Have you discovered your bearded dragon chewing on his log or rock? Maybe you brushed it off at first, thinking it’s just something passing, but now it’s hard to ignore as your beardie seems to be chewing and biting on anything and everything within the enclosure. You’re beginning to wonder if this is normal behavior, or if it is something you should be concerned about.
So, why is my bearded dragon biting his ornaments? Some possible reasons could include hunger, a lack of calcium, a mouth irritation, territorial issues, courting behavior, shedding, or reacting to some kind of threat. Overall, biting of ornaments can be seen as a sign of aggression due to some or other cause.
In this article we will discuss each of the seven possible reasons a beardie may be biting the ornaments in its terrarium, as well as taking a look at three ways to calm an aggressive bearded dragon and four essentials that every bearded dragon needs.
Biting Ornaments Due to Hunger
Biting is after all, a precursor to eating, so it could be possible that your bearded dragon is looking for something to nibble. Have you noticed whether the biting takes place predominantly before the normal feeding times?
Perhaps you might consider reviewing or increasing your beardie’s feeding schedule. This is particularly relevant if your pet is a baby or juvenile, as they tend to bite more frequently and need more nutrition as they grow rapidly.
Biting Ornaments Due to a Lack of Calcium
It may be possible that a residue of some calcium powder supplement has settled on the ornaments in your bearded dragon’s enclosure. This may be the reason why he is biting and licking to try and get some of that stuff which beardie’s clearly seem to enjoy.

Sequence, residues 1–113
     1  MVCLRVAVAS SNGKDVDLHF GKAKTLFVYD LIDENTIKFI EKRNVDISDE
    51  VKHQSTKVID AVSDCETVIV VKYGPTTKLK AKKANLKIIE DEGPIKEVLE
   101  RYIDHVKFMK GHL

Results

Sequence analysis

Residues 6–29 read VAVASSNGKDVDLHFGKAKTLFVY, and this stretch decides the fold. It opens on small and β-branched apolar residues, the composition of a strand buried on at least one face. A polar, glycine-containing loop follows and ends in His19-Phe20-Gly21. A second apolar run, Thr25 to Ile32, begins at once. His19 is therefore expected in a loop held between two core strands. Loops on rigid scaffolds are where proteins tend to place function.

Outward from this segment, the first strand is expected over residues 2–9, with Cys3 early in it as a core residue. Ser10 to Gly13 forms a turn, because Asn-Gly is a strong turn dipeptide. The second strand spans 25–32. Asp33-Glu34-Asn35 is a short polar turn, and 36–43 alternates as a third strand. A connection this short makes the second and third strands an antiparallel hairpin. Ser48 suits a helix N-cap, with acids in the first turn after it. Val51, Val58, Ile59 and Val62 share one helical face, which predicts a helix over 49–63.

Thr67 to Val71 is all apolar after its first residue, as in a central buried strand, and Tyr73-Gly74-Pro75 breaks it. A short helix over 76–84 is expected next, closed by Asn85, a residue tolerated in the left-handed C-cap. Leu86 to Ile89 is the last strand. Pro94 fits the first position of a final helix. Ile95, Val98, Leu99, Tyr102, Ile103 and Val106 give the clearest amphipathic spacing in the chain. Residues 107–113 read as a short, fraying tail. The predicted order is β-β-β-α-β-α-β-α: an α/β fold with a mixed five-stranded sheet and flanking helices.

It could be that there is some kind of mineral lack or deficiency which is driving the bearded dragon to try and eke out something by biting on the features in the cage. If this is the case, you might need to check that you are giving your beardie the correct supplements.
Biting Ornaments Due to a Mouth Irritation
We all know how little kids who are teething or have sore gums like to chew on hard things to bring some relief. Maybe your bearded dragon has some kind of irritation or sore place in its mouth, and biting on the ornaments is an attempt to somehow alleviate the discomfort.
See if you can get a good look inside your pet’s mouth and determine whether there is an oral problem, in which case a visit to your reptile vet or professional breeder would be in order.
Biting Ornaments Due to Territorial Issues
Bearded dragons are clearly territorial creatures and the males will mark and defend their space passionately. Biting on all the items within his enclosure may be your beardie’s way of saying to whoever needs to know, “All these are mine, so back off.”
Biting Ornaments Due to Courting Behavior
Related to territorial issues is the matter of courting and breeding. When mating season approaches the males tend to become more aggressive and can display biting behaviour, including biting the ornaments in their terrariums. Your beardie may be looking for a potential mate, and in the process end up biting everything in sight.
Biting Ornaments Due to Shedding
Another important time in the life of your bearded dragon is when shedding occurs. This can be a time of added stress as the old skin needs to come off completely in order to allow new growth. So your beardie may decide to take out some of the stress and frustration of shedding by biting on the surrounding ornaments.
Biting Ornaments as a Reaction to Threat
Your bearded dragon may feel threatened for a variety of reasons. Perhaps he is new in your home and the stress of a strange location and habitat is causing distress. Maybe there are loud noises, perhaps there is construction happening in your area, or a noisy neighbor playing loud music.
Possibly your beardie feels threatened by a new pet in your home such as a cat or dog. Think about any changes recently which may have caused your dragon to feel threatened and to start biting his ornaments.
Three Ways to Calm an Aggressive Bearded Dragon
Biting is essentially a sign of aggression of sorts, whatever the reason. So your goal as a concerned pet owner would be to reduce the stress and calm your bearded dragon down. Here are three tips to help in this direction.